8156639_sAt the Fed’s week-long meeting in Jackson Hole, Wyoming, the chairman of the Federal Reserve Janet Yellen issued a statement on the U.S. economy that made it seem like there was an actual economic recovery taking place. She said, in part:

The economy is continuing to make progress toward the Federal Reserve’s objectives of maximum employment and price stability. […] Although the economy continues to improve, the recovery is not yet complete.

While the Fed chair noted that the economy is still in a precarious place, especially with a weak labor market and little growth, according to Anthony Scaramucci, she wasn’t being totally forthright with American people.

As Scaramucci notes, Americans are scared, and rightfully so.

Americans’ incomes have not grown and unemployment remains at all-time highs. And the constant meddling of the Fed hasn’t done anything to help the economy grow, despite what they might want you to believe.

What the Fed won’t admit is this: their continued efforts to accelerate economic growth has only made the rich richer, and has seriously undermined the average American’s wealth and their confidence in the economy.

This long process has caused some collateral damage and some fraying of society. Since interest rates are the physical gravity of assets, it would make sense that the lower they go, the higher the assets will be worth.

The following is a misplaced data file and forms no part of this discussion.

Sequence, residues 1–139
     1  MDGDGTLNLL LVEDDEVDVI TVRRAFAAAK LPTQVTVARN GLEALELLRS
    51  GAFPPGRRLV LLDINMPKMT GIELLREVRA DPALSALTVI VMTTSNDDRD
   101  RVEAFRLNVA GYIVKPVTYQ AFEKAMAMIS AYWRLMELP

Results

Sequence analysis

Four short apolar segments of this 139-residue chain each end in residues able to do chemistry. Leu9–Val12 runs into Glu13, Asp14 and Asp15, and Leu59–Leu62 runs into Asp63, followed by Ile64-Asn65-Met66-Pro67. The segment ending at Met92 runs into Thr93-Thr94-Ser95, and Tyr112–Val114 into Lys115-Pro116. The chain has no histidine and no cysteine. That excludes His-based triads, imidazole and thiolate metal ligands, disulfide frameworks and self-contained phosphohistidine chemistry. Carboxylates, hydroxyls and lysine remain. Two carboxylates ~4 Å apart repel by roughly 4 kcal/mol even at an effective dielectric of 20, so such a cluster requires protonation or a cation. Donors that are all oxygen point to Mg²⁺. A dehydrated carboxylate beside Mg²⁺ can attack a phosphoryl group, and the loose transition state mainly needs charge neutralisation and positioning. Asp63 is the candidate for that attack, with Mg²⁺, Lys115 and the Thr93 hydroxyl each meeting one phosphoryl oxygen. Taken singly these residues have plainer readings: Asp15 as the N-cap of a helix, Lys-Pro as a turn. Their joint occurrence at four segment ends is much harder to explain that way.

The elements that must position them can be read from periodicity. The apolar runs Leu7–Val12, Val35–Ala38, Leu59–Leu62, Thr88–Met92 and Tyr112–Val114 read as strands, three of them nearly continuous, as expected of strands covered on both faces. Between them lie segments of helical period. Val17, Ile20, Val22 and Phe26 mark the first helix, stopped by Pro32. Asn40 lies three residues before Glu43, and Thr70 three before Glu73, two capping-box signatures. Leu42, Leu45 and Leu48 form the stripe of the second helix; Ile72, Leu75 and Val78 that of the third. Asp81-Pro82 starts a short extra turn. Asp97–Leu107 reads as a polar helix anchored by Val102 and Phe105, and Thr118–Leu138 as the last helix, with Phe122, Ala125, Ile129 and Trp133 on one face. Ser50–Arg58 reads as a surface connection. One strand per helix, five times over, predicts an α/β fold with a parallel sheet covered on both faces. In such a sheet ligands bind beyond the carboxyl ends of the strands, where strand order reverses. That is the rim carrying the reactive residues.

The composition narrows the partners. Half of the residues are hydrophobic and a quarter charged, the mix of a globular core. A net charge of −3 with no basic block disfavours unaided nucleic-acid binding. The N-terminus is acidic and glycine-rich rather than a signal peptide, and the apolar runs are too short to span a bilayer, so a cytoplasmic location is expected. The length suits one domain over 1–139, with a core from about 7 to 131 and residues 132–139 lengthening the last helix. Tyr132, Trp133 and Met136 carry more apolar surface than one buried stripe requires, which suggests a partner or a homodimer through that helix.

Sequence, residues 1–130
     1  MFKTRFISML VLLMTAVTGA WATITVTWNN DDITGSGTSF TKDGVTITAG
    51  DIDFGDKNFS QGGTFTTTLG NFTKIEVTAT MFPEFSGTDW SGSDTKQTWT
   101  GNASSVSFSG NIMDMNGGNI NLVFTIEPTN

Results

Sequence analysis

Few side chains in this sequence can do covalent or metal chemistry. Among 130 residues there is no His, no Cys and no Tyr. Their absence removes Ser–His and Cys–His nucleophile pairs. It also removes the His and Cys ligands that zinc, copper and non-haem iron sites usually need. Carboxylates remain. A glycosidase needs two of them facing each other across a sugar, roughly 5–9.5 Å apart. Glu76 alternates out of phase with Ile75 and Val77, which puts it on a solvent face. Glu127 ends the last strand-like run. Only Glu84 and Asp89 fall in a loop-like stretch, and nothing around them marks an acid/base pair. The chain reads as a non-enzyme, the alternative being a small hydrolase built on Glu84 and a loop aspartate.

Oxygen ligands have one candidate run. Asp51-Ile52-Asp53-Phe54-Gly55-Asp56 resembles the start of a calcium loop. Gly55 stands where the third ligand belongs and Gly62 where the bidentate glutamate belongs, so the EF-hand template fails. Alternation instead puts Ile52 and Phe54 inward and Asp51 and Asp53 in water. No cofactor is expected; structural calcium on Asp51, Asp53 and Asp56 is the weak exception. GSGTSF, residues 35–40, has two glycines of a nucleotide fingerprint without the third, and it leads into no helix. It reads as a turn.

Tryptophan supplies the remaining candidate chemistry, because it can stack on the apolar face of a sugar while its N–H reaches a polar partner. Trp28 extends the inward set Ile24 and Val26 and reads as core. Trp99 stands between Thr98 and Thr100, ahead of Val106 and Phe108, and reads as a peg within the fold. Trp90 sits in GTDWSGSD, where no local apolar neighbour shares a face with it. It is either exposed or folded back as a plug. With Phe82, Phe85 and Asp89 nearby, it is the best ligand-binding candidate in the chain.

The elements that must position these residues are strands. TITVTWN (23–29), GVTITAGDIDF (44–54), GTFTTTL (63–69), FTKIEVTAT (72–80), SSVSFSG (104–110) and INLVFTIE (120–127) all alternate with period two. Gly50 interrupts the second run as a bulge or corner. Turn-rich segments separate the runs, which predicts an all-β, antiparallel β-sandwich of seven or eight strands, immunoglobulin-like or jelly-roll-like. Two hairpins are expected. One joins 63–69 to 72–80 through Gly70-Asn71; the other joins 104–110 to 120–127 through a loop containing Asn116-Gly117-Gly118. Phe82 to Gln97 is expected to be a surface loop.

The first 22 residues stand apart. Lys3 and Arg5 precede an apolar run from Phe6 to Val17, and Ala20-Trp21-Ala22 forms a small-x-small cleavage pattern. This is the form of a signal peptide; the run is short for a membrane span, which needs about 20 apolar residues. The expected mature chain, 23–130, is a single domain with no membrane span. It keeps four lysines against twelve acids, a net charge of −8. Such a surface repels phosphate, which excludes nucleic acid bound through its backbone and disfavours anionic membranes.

This inverse relationship is great for the asset holders, but has little to no positive effects on the average American who has no such capital. Yet, pushing down rates was the only such tool at the Fed’s disposal and it was one they needed to deploy aggressively.

While the byproduct has been massive wealth creation, the average investor is losing ground. We have a failed K-12 public education system, poor social, tax and budget policies emanating from Washington, and a growing wealth disparity – not only here in the United States but around the world.

The Fed won’t admit they’ve helped to make a handful of Americans richer than they’ve ever been all while depleting the 401(k)s and personal wealth holdings of millions of Americans across the country.

The economy hangs in the balance right now.

Deflation looms.

The repatriation of trillions of dollars in American currency is a very scary possibility.

What will you do when it all falls apart?

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